LA County Scraps Mental Health Jail After Protests Led By Reform LA Jails

LOS ANGELES, CALIFORNIA - AUGUST 08:  Patrisse Cullors speaks at the #CancelMcCarthyContract press conference and rally held by Patrisse Cullors and Reform L.A Jails in Los Angeles on August 08, 2019 in Los Angeles, California. (Photo by Michael Bezjian/Getty Images for Patrisse Cullors and Reform L.A)

LA County Scraps Mental Health Jail After Protests Led By Reform LA Jails

The $2.2 billion project was slated to replace the Men’s Central Jail in downtown Los Angeles.

Published August 14th

Written by Paul Meara

A coalition of activists and organizers from Reform L.A. Jails, Justice L.A. and others successfully swayed a majority of Los Angeles County supervisors to vote yes on ending a contract with McCarthy Building Cos. to build an enormous $2.2 billion mental health prison.

On Tuesday (August 13), the 3,885-bed facility, which was slated to house pretrial detainees with mental health and substance abuse issues, was scrapped in large part due to years of activism from prison reform groups and added to a growing nationwide trend of halting the expansion of mass incarceration in favor of investing in community-based treatment programs and other alternatives.

Jail reform activists previously praised the supervisors for proposing a fresh start, claiming the policy shift is evidence the county’s leaders appear ready to welcome a more decentralized and rehabilitative approach to treating mental illness rather than punishing it.

“[The jail defeat] was historic because Los Angeles is the largest jailer in the world, and so the fact that four out of five county board supervisors made the decision to cancel the contract, just a few months after they were going to move forward with the contract, is incredibly significant and really is a show of people power,” Patrisse Cullors, founder and chairperson of Reform L.A. Jails and co-founder of Black Lives Matter, told BET.com.

“It was more than just us protesting,” she added. “It was us having meetings with elected officials. It was us being able to organize healthcare providers. We had several people who worked inside jails who were either a nurse, or a physician, or a psychiatrist come and speak out and say this is not the ideal way to give anybody care. It really became a movement and that movement only happened with us organizing to get thousands of people in Los Angeles to say no to this.”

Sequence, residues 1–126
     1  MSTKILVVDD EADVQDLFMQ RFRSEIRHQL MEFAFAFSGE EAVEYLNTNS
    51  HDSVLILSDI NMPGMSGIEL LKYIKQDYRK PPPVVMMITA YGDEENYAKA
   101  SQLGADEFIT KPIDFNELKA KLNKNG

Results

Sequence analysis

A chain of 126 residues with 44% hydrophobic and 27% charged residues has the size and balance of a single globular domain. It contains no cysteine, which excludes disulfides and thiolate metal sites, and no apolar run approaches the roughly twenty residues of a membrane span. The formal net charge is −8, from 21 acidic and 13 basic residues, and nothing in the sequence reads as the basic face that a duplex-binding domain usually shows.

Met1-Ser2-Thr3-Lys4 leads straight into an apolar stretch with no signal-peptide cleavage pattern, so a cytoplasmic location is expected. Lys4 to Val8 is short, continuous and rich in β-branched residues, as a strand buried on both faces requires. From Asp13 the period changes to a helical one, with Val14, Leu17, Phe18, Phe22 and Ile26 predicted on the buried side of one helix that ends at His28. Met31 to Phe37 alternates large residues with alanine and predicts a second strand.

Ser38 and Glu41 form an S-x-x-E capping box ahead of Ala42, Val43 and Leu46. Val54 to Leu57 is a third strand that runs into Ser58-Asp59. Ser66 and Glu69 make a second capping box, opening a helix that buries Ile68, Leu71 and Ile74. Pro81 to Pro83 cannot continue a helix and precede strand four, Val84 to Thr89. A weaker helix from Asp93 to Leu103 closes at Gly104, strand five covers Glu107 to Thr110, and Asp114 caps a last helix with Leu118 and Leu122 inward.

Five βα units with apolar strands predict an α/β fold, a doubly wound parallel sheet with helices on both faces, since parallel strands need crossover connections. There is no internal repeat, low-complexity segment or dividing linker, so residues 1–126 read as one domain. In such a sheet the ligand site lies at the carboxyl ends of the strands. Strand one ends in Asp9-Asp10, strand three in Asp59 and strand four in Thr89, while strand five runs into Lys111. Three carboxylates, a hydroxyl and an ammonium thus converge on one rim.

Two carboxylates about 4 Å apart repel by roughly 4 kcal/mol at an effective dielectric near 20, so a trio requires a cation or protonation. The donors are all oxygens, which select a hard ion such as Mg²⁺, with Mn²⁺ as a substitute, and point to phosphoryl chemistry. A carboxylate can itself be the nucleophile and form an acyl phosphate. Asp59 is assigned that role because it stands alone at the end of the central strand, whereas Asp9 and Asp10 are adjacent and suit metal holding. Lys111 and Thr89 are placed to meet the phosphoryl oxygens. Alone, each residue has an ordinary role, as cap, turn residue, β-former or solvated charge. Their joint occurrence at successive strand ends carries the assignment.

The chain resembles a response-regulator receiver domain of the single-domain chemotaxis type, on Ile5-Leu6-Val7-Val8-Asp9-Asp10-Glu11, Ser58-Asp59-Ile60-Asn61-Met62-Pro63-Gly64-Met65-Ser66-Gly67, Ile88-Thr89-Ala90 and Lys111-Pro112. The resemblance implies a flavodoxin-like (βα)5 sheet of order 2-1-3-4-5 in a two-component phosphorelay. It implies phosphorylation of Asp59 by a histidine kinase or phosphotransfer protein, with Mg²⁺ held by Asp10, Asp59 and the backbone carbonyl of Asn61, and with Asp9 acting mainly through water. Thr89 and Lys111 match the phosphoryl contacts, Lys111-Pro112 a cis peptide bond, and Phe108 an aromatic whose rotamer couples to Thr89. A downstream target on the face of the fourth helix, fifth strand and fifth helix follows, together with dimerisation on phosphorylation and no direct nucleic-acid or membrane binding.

Cullors was a main force in the #CancelMcCarthyContract campaign. Last week, the group personally delivered a pre-litigation letter to Sachi Hamai, the CEO of L.A. County, and McCarthy Building Company CEO Mike Bolen, advising both parties that swift legal action will be taken if they refuse to cancel the jail expansion contract.

Reform L.A. Jails claims the Board awarded a multi-billion dollar contract to the building company without receiving comparing bids from multiple vendors, which California law requires.

According to Los Angeles County’s Office of Diversion and Reentry, more than half of people with serious mental health needs in their jail population may be eligible for diversion into community-based services.

The supervisor’s decision to scrap the mental health jail comes after a rally last Thursday morning at county headquarters. 

Dozens of people reportedly attended the rally, including Juan Correa, whose son died in a L.A. County Jail, the ACLU’s Peter Eliasberg, Queen Sugar actress Dawn-Lyen Gardner, Grey’s Anatomy actor Jason George, actor, activist, and co-founder of BLD PWR Kendrick Sampson, and UTLA Vice President Cecily Myart-Cruz, among others.

For Cullors, this latest victory for jail and prison reform will hopefully be the start of a nationwide trend of choosing to build holistic and alternative treatment centers for people with mental health and substance abuse issues rather than more prisons, which largely don’t employ anyone trained to assess those groups.

“We are seeing this as a national blueprint,” she said. “If we can do this in Los Angeles, we want to take this across the country – county to county. We’re dealing with the federal government right now and it’s not what we want to be doing, so I think local governments are going to be able to shape the conditions for people with severe mental illness.”

Photo: Michael Bezjian/Getty Images for Patrisse Cullors and Reform L.A

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